First of all, those notions would be foreign to both Bunyan and Shakespeare. Bunyan's Pilgrim was no hero, but a type. That Bunyan saw his pilgrim moving through a Manichaean universe with a sword of justice and a shield of righteousness at his side does not make him heroic, just a baroque Puritan knight-errant. That Shakespeare's characters recognize the moral ambiguities of the dramatic worlds they inhabit is not a lack of moral imagination, but a recognition that these are characters that have to act, and react, to specific plot points. Shakespeare was a playwright before he was a poet. His writing was nothing if not functional; banal, perhaps, but even the best writers are not above banality if it can illumine both character and action.

Finally, to rest upon moral imagination as the final arbiter of what makes one author, poet, or playwright better than another is a fool's game. Especially as we enter the modern, post-Enlightenment and Romantic eras, writers are nothing if not the purveyors of a certain moral sensibility; the best writers, while first and foremost interested in telling a story, are also telling a story about people we have to recognize, including as moral agents. Whether it is the cut-and-dry morality of Bunyan, or the far more ambivalent sense of good and evil one encounters in Shakespeare, we must find something recognizably human about those we encounter, or we as readers or viewers are lost. While I will not gainsay George's preference for Bunyan, I will most definitely insist that Shakespeare's moral imagination, while certainly "pedestrian", is preferable for all that. One makes ethical decisions with what is at hand, even at the best of times. The best characters in Shakespeare have as simple a moral universe as Pilgrim, which is why they far too often are supporting characters rather than leads. While Hamlet wrestles with "what to do", Horatio looks on and listens far more than offers advice. Yet, at the end of the play, with the bodies lying around in heaps, it becomes clear that Horatio has a far better, and more clear, moral sense that Hamlet, his uncle, or mother, ever did. Yet, precisely for that reason, Horatio as a lead character in a play would be dull indeed. Dramatic conflict doesn't come from moral clarity (except perhaps when it is coupled with poor judgment) but from moral ambiguity. With that in mind, I prefer neither one to the other, but read them both for what they are.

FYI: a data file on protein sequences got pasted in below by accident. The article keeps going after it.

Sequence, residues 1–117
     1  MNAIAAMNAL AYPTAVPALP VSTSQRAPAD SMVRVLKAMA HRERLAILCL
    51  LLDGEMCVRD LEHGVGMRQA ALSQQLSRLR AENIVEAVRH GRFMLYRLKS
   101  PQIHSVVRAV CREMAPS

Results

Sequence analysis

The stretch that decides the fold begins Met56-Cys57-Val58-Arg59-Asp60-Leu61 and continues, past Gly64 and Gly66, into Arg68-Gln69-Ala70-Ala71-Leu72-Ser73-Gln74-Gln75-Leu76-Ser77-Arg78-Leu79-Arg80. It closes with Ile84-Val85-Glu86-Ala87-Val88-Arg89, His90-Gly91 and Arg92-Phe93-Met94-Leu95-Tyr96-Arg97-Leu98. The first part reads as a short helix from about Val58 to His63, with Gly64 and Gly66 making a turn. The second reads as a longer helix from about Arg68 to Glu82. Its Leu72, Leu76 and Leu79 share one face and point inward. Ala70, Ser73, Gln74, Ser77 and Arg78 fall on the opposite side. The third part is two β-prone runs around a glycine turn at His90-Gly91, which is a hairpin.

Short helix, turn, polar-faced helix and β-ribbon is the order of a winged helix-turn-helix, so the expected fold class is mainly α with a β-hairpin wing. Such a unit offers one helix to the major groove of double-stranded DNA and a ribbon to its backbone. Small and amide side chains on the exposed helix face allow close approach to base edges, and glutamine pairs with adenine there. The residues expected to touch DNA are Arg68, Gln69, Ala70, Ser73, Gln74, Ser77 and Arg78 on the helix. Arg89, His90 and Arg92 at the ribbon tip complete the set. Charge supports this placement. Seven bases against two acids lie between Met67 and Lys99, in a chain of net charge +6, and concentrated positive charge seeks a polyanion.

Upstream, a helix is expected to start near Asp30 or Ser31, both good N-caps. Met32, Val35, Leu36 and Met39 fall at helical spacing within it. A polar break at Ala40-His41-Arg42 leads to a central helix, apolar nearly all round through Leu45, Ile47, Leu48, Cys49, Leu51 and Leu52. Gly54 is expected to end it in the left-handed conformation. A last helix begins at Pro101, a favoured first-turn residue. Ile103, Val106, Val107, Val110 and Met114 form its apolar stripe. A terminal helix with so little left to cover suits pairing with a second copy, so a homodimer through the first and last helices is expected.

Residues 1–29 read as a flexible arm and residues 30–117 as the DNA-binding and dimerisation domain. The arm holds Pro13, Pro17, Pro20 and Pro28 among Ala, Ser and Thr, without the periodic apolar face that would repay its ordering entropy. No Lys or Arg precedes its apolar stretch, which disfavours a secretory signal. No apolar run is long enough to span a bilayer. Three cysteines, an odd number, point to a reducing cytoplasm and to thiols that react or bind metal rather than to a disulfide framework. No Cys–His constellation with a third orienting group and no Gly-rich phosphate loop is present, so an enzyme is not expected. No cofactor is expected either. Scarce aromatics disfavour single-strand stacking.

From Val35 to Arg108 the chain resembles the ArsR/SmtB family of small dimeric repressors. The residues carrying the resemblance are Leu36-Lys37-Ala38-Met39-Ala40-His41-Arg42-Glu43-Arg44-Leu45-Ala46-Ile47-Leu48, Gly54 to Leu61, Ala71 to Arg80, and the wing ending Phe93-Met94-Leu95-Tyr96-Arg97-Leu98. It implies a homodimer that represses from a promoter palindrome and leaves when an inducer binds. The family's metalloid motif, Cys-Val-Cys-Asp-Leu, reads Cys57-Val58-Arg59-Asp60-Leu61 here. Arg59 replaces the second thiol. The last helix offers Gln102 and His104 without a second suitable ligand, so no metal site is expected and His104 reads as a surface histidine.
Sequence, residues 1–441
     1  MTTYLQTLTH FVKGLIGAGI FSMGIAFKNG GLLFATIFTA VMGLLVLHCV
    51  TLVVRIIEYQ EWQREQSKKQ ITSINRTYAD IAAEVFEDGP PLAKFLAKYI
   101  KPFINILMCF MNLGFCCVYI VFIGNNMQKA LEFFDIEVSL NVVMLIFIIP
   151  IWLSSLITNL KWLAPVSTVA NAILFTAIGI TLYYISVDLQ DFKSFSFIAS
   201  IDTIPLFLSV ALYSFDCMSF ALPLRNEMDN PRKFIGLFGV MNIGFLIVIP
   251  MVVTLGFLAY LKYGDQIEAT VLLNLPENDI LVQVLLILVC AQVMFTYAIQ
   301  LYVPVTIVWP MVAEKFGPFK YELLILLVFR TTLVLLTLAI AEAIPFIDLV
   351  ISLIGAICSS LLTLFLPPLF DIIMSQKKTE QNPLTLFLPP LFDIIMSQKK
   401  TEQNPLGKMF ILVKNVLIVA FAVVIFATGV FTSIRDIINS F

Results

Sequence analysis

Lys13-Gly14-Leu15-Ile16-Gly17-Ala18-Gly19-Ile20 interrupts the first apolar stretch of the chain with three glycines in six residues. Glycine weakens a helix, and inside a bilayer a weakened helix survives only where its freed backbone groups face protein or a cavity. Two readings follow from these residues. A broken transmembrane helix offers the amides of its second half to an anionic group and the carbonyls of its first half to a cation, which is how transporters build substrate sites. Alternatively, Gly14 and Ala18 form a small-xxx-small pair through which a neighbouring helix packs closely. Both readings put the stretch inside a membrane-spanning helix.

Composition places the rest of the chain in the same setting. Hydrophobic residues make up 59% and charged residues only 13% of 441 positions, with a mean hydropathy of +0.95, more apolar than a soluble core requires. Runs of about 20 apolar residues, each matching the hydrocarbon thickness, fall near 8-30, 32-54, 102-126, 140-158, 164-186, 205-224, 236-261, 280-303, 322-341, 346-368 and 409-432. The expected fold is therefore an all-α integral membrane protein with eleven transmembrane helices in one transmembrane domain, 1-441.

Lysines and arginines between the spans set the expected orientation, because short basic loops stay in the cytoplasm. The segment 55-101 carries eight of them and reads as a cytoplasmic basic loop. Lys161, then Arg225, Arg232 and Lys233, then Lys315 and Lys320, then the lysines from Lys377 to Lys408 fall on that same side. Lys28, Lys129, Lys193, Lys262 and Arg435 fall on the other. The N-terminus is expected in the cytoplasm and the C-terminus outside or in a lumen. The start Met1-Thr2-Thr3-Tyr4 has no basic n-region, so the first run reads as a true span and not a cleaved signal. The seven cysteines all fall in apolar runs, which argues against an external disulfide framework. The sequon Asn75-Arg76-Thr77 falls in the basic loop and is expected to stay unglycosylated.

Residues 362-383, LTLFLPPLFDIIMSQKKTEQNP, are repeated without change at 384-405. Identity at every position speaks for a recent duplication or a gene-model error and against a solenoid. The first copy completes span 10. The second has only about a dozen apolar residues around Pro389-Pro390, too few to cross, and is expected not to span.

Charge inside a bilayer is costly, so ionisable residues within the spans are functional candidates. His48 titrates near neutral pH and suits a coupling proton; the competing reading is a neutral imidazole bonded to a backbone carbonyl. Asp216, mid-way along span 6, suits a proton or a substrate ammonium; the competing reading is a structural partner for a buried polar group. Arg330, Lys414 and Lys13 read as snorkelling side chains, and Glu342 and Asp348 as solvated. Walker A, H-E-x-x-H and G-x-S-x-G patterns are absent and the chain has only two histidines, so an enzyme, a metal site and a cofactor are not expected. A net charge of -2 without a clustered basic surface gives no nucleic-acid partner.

The Musical Decade

With all the year-end and decade-end reviews - most of them quite depressing, to fit the times, one supposes - I thought I would do something entirely different. The past ten years has been for me one of extreme pleasure as I discovered and rediscovered all sorts of music out there, got back in to seeing bands live, and generally celebrated my own particular obsession.